Quicktime was a good idea. One that got out of hand. Fueled by the success of Apple and it’s other products, it could survive the total failure in gaining any consumer traction. Youtube is flash based. Looks bad, but nobody cares. Unfortunately there are not any alternatives to quicktime. Which is a shame:
It should not be that hard to just have a simple working container format for audio and video. xml works, all these modern things. And quicktime?
Moov containers. nested in each other. Trying to hide their shameful kludgyness. Only thing that Apple did that is worse than quicktime is AppleScript. But we don’t go there. Oh, no. We will not. Sal, oh, Sal, why don’t you go where people wear the had that you do??

Quicktime VR? Who gives a shit? Sprites? Excucse me? You can write actually lots of things in quicktime. Too many. We don’t need an interactive system that would run of a CDROM. Really not. Anymore.

I will have to deal with quicktime in the next five years. And I am seriously not looking forward to all those oddities that will creep up. Not at all.

Apple should define a simple, fast, well documented (examples!) ‘core-qucktime’ subset that actually gets used and that all application should
and can support.

mailto mail.app no more!

April 8th, 2007

It has been a long time since I wanted use Apples mail.app. But it still opened whenever I clicked on one of these mailto: links in a webpage. I googled and found that there is gmailto, which should do the trick, but is broken it seems. I could install it, gmail would open, but not understand the email address I wanted to send to.

Then I found Webmailer. This one works like a charm. It together with the gmail option to send email as andreas@andreaswacker.com make gmail pretty much complete. I am sure it breaks in about 7 minutes, when I rave about it like this.

one gig is not enough

April 4th, 2007

Thirteen years ago I worked for the first time on a SGI computer. “Super Computer” as it’s owners liked to call it whenever they could. They spent more than you would pay for mid sized house on it’s memory alone. It had 1GB RAM. Telling people casually about this machine back in the day I had to emphasize: No, not the hard drive, the RAM is one Gigabyte. There were a handful of computers of this size in Germany back in the day.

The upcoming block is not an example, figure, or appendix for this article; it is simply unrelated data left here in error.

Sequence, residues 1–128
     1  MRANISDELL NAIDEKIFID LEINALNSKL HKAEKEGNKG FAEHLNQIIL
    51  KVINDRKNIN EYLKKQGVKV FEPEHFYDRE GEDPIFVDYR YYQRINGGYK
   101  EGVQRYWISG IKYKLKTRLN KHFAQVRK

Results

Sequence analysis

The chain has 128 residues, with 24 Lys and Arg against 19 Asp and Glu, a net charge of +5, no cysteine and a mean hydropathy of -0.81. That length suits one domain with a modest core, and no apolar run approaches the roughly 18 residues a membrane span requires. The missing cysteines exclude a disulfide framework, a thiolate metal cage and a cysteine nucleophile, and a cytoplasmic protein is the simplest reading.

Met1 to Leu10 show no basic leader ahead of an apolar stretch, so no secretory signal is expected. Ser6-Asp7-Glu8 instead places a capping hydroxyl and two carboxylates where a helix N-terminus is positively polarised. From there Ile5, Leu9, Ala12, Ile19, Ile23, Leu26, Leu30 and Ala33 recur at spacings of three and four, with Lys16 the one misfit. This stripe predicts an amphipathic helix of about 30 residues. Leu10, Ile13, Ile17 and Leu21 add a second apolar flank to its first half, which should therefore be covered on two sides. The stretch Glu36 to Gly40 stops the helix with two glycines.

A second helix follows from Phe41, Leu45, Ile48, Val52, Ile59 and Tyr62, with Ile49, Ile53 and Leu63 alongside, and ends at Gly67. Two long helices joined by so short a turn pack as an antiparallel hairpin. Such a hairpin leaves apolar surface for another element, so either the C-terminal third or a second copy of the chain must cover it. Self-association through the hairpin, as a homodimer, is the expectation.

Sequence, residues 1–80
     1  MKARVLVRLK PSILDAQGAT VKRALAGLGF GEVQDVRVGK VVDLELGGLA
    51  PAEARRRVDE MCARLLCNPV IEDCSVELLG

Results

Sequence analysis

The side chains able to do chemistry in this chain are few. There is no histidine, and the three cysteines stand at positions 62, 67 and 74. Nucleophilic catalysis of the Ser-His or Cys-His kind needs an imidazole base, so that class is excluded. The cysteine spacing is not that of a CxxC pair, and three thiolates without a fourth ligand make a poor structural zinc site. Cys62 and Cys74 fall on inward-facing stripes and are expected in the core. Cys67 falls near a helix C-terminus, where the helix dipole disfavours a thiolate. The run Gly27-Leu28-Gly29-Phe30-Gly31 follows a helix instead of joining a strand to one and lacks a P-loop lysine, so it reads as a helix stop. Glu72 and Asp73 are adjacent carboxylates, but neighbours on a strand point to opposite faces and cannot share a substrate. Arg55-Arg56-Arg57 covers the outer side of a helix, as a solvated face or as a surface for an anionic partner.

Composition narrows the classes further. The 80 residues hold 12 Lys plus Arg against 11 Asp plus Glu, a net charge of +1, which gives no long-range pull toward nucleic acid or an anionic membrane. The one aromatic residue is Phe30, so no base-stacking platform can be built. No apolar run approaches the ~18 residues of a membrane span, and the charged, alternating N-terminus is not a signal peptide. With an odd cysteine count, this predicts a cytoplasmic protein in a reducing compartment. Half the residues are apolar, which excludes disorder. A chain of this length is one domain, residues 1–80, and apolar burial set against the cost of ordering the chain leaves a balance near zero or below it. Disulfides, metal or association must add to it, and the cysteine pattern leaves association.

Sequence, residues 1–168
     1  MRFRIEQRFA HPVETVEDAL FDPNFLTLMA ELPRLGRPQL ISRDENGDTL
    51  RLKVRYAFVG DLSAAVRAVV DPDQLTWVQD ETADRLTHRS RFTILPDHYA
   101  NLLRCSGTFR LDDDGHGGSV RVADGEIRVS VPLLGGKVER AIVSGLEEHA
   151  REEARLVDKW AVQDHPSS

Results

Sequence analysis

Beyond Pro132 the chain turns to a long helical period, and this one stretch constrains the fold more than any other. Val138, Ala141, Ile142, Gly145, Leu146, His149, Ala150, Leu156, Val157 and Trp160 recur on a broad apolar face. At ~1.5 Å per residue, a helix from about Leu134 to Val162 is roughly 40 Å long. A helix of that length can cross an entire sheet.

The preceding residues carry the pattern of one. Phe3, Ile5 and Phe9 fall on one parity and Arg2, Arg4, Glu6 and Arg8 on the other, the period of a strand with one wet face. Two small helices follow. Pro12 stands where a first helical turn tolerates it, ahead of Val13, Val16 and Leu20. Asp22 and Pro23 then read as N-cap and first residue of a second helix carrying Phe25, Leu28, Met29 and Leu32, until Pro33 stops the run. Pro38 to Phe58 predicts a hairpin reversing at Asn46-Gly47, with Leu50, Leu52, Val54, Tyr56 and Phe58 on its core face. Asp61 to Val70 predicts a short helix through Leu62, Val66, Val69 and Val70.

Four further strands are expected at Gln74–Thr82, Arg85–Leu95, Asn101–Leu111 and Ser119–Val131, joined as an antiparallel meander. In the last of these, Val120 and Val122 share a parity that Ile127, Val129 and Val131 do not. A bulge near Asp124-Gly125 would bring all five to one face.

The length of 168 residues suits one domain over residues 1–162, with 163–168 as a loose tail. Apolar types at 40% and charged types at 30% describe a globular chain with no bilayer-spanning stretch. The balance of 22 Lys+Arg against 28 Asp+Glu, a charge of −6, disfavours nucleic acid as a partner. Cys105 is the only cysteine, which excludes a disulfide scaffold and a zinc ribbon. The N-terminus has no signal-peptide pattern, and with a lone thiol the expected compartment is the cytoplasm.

Yesterday I saw somebody beach-ball on a MacBook. She just uses it for the normal communication things you do these days, no ‘heavy’ applications. This computer had the same memory size: one Gigabyte. And it is not enough. The machine was swapping. Horribly slow.

Something is a bit odd here: Using one gigabyte you could store one million pages of text. Or one thousand books with a thousand pages each. Or you could fill the screen of the laptop with 350 layers of images. 349 of them being invisible.

Memory is cheap these days. But wasting a whole GB is something that might
lead to the wasting a whole 16GB in a few years. That memory one could use probably for real useful things as well.

open terminal here

September 10th, 2006

opens terminal in directory of finder window

To open your current working directory from the terminal in the finder simply type:

open .

That is open “dot”, which you can replace with other valid file names. Works with other files as well. Pretty much does what would happen if you would click on the thing. In unix a . is the current directory

change name: no you don’t

August 25th, 2006

Apple’s XCode comes free with your operating system. It allows you to compile code. But is it a decent Development API? I highly doubt so. I don’t spend 50 hours a week with it. I hope nobody has too. I wasted the last thirty minutes of my life trying to find a way to rename a project. Just giving it a new name. Not more not less. I truly sucks. This is probably not a bug, just some ridicolous user interface disaster. XCode. It truly sucks, and, isn’t that a coincidence, there is no real alternative to it.

now that apple sells lots of stuff

July 5th, 2006

they think can take a stroll on the dark side

Idiots. How often can you sell your virginity? Now Apple has marched into the ‘phone home’ camp. And for what benefit? Idiots.

where is that file?

June 26th, 2006

Looking for a specific file that I had modified today.
This did the trick in the terminal:


mdfind -onlyin ~/ 'kMDItemFSContentChangeDate > $time.today'

Spotlight is great, just that it’s standard interface is lame. Pretty much unusuable.
But there is always the terminal …